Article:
Some people try to control it.
That’s not how I want to spend my time.

When did you know that you wanted to be an actor? And when did being an actor feel like something that could actually happen?
In retrospect, I always wanted to be an actor. I did a play in my freshman year of high school and then tried to do theater throughout. The rule in our house was that I could do it if I got good grades. But being an actor didn’t seem like a realistic job to someone living in Mishawaka, Indiana. Juilliard was one of the only colleges I wanted to go to, and before I joined the military I auditioned. I liked that that school didn’t check grades and admission was based on your abilities. That doesn’t mean I thought good, I’m in.

It meant you thought you had a shot.
Yeah. And then I didn’t get in and I put acting out of my mind. But it wasn’t until I was in the military that I was like, “I know what I want to do when I get out.”

Was there something that happened?
I had a come-to-Jesus moment. There was a training accident with white phosphorous where we very easily could have died. After that happened I thought, The two things I really want to do are smoke cigarettes and be an actor. And then it just so happened that I did wind up getting accepted [into Juilliard] and I was incredibly lucky to go from having not even a novice’s understanding of the acting world to suddenly having the best access.

Is a soldier who has been affected by the arts different than one who hasn’t?
I think so. The Armed Forces has acronyms for acronyms but no language for expressing anything abstract. When you actually have that tool at your disposal, there’s such — I’m hesitating to say “cathartic” because that sounds pretentious, but there’s such power in being able to describe a feeling.

How does having that ability manifest itself in a soldier’s behavior?
Speaking for myself, coming from the military and not talking about what we did and then suddenly encountering a play that described my experience was incredibly important — even though the play wasn’t about the military. And the military is a stressful environment. Having an emotional outlet is — I hate to say therapeutic because I don’t want to label what we do as therapy — but I just think it’s good. And it’s not as if everyone in the military only thinks about the military. It’s like, you’re a writer and on top of writing you have to deal with your kids and whatever else is going on in your life. It’s the same situation with the military, only people are also handling weapons. People are stressed out. Expressing that feeling somehow makes it less stressful.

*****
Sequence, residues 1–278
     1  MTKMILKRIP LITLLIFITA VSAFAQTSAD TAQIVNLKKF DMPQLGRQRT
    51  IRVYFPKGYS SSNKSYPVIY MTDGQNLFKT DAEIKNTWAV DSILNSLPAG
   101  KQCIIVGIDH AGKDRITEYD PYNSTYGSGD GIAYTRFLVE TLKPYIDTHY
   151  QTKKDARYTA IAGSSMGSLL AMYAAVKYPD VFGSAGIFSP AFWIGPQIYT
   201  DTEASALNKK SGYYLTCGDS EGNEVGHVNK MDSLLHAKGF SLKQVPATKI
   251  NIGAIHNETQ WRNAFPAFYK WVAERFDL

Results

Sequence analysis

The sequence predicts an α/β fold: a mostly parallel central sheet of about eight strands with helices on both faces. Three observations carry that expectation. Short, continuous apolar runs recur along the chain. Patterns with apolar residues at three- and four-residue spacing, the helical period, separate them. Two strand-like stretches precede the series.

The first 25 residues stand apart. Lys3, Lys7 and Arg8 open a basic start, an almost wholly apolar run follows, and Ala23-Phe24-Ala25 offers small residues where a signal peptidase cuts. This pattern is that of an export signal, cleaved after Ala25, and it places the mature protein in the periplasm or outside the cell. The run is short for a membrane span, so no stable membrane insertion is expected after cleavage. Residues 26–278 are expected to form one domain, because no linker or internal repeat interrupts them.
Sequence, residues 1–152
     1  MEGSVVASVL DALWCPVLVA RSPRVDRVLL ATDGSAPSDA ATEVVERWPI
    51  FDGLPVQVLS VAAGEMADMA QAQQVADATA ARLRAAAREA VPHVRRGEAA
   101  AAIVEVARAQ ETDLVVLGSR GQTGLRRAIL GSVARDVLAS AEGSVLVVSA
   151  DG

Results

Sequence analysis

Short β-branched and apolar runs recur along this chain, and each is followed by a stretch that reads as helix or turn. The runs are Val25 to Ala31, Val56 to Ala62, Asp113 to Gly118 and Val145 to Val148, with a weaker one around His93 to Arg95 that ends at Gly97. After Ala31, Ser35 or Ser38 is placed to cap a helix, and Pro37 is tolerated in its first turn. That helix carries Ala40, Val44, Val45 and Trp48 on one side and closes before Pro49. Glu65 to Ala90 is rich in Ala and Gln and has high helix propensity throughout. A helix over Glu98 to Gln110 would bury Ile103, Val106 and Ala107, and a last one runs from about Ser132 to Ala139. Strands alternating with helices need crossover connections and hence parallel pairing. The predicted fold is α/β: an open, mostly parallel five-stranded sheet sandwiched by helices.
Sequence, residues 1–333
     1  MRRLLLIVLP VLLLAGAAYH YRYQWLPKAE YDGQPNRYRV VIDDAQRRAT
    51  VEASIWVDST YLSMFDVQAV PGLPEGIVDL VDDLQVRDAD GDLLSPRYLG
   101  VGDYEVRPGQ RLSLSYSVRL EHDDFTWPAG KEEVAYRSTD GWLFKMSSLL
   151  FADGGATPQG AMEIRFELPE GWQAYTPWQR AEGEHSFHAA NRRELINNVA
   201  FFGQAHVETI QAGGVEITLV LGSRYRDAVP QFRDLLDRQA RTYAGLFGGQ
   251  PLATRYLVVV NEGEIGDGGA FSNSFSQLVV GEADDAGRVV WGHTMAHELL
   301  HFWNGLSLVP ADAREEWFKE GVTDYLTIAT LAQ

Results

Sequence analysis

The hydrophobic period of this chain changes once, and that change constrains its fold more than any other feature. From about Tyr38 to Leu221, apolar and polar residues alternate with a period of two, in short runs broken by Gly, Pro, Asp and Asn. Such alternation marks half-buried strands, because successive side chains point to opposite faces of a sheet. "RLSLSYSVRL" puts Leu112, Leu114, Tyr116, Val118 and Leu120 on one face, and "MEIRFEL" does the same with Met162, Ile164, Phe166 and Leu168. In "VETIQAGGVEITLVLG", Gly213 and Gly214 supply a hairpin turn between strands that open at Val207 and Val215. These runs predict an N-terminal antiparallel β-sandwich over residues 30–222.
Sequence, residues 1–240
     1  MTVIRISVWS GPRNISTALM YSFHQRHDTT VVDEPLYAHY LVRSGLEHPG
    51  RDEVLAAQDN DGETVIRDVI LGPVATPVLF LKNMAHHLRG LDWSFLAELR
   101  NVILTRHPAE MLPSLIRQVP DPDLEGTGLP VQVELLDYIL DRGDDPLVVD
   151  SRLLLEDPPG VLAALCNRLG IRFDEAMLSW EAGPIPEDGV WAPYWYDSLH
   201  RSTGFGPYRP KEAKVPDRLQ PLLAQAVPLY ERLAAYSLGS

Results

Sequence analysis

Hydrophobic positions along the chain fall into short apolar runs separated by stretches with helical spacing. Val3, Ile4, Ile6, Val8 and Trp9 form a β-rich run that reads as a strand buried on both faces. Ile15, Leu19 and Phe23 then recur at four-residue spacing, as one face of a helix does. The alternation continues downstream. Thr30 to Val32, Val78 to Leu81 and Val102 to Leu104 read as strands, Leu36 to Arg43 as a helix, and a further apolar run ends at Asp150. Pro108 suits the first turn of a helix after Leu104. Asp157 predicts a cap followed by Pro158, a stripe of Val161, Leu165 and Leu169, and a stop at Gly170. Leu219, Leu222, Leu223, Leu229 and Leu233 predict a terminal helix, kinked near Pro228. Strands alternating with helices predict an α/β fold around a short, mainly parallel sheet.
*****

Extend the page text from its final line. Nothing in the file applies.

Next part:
Do you remember the first play that was cathartic for you in that way?
True West was one of the plays that started it all for me: the idea of brotherhood, and how the characters are so different but bound by their brotherhood. I totally got that play. These answers I’ve been giving you are the worst. I’m listening to myself and thinking, What the fuck am I talking about?

Why do you keep saying that?! Your answers have all been fine. Anyway, this is probably overly broad, but I think that underneath a lot of what you’ve been talking about is the idea of integrity. Is the business you work in — show business, Hollywood, whatever you want to call it — a high-integrity one?
How do I give you an answer without giving you a headline?

I don’t know.
That was a joke.

I know. But I’m not bailing you out.
No, you aren’t. I would say no, it isn’t high integrity. There are people in this business that have integrity and I’ve been lucky enough to work with a lot of them. But overall no, there doesn’t seem to be a lot of integrity. I’m not saying anything controversial with that. At the higher levels there’s interest in money, and wherever that appears, it affects people’s choices. But I try to work with people whose main interest is in making the thing we’re working on as good as possible.

How interested are you in the subject of masculinity? Was exploring that part of what made the military appealing?
I don’t know if I was seeking that out — I guess so. When I was in high school I wasn’t an organized sports guy. A bunch of guys getting together doesn’t sound appealing to me. I never had the “hey bro, let’s all hang out” thing. I haven’t been asked about this subject a lot recently. When Girls came up I used to get these questions more.

Questions about masculinity?
About modern masculinity and what it means.

Why do you think people were asking you that?
Because I was playing a type of guy on that show. Maybe also because a lot of people thought that since Girls somehow represented a generation of women then that guy [Adam Sackler] also represented a generation. That’s not really an answer to your question. I have no insights on modern masculinity. I don’t think much about it. I see value in being emotionally available sometimes. I see value in getting angry sometimes. A sense of responsibility is a good thing to have. I don’t have a better answer than that.

Do the best directors you’ve worked with have common ways of going about their job?